The table highlights the fact that V82 produces greater decibels when it reaches its stall regime beyond the IEC design standard at 95% capacity.
The table also helps recognize the effects of shear on the sound levels experienced at receptors which should also be considering with the sound study.
My email was lost from the time we did the first turbine so I don't have a great record of information but do you have this decibel mapping for Falmouth?”

Views: 146


You need to be a member of Citizens' Task Force on Wind Power - Maine to add comments!

Join Citizens' Task Force on Wind Power - Maine


Maine as Third World Country:

CMP Transmission Rate Skyrockets 19.6% Due to Wind Power


Click here to read how the Maine ratepayer has been sold down the river by the Angus King cabal.

Maine Center For Public Interest Reporting – Three Part Series: A CRITICAL LOOK AT MAINE’S WIND ACT


(excerpts) From Part 1 – On Maine’s Wind Law “Once the committee passed the wind energy bill on to the full House and Senate, lawmakers there didn’t even debate it. They passed it unanimously and with no discussion. House Majority Leader Hannah Pingree, a Democrat from North Haven, says legislators probably didn’t know how many turbines would be constructed in Maine if the law’s goals were met." . – Maine Center for Public Interest Reporting, August 2010 https://www.pinetreewatchdog.org/wind-power-bandwagon-hits-bumps-in-the-road-3/From Part 2 – On Wind and Oil Yet using wind energy doesn’t lower dependence on imported foreign oil. That’s because the majority of imported oil in Maine is used for heating and transportation. And switching our dependence from foreign oil to Maine-produced electricity isn’t likely to happen very soon, says Bartlett. “Right now, people can’t switch to electric cars and heating – if they did, we’d be in trouble.” So was one of the fundamental premises of the task force false, or at least misleading?" https://www.pinetreewatchdog.org/wind-swept-task-force-set-the-rules/From Part 3 – On Wind-Required New Transmission Lines Finally, the building of enormous, high-voltage transmission lines that the regional electricity system operator says are required to move substantial amounts of wind power to markets south of Maine was never even discussed by the task force – an omission that Mills said will come to haunt the state.“If you try to put 2,500 or 3,000 megawatts in northern or eastern Maine – oh, my god, try to build the transmission!” said Mills. “It’s not just the towers, it’s the lines – that’s when I begin to think that the goal is a little farfetched.” https://www.pinetreewatchdog.org/flaws-in-bill-like-skating-with-dull-skates/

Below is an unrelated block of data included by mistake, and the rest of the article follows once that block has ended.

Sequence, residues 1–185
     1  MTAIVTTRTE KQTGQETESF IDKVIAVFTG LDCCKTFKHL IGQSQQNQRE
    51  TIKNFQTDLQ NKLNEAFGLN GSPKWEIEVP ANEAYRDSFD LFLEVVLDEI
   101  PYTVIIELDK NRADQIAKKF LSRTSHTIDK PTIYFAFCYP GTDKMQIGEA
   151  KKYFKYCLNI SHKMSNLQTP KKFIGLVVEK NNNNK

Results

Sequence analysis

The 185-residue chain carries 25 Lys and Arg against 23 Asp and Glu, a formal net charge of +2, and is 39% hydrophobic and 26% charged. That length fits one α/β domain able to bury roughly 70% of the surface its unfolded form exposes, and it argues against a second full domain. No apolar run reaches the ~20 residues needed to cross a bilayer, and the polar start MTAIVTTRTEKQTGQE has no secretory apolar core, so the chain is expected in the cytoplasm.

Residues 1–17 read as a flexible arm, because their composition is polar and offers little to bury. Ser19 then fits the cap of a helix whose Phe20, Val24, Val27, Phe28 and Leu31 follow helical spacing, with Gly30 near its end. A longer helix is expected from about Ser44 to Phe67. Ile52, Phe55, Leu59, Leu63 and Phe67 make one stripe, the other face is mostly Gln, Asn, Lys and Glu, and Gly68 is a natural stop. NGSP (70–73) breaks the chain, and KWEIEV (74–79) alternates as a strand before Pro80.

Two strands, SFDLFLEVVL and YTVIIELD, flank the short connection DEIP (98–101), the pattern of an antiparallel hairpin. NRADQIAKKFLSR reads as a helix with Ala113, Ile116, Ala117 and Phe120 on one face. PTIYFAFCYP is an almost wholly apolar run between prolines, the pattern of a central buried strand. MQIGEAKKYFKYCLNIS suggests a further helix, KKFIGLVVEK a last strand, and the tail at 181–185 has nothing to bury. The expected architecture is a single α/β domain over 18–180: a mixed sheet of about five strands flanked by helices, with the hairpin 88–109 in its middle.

Not yet a member?

Sign up today and lend your voice and presence to the steadily rising tide that will soon sweep the scourge of useless and wretched turbines from our beloved Maine countryside. For many of us, our little pieces of paradise have been hard won. Did the carpetbaggers think they could simply steal them from us?

We have the facts on our side. We have the truth on our side. All we need now is YOU.

“First they ignore you, then they laugh at you, then they fight you, then you win.”

 -- Mahatma Gandhi

"It's not whether you get knocked down: it's whether you get up."
Vince Lombardi 

Task Force membership is free. Please sign up today!

Hannah Pingree on the Maine expedited wind law

Hannah Pingree - Director of Maine's Office of Innovation and the Future

"Once the committee passed the wind energy bill on to the full House and Senate, lawmakers there didn’t even debate it. They passed it unanimously and with no discussion. House Majority Leader Hannah Pingree, a Democrat from North Haven, says legislators probably didn’t know how many turbines would be constructed in Maine."


© 2023   Created by Webmaster.   Powered by

Badges  |  Report an Issue  |  Terms of Service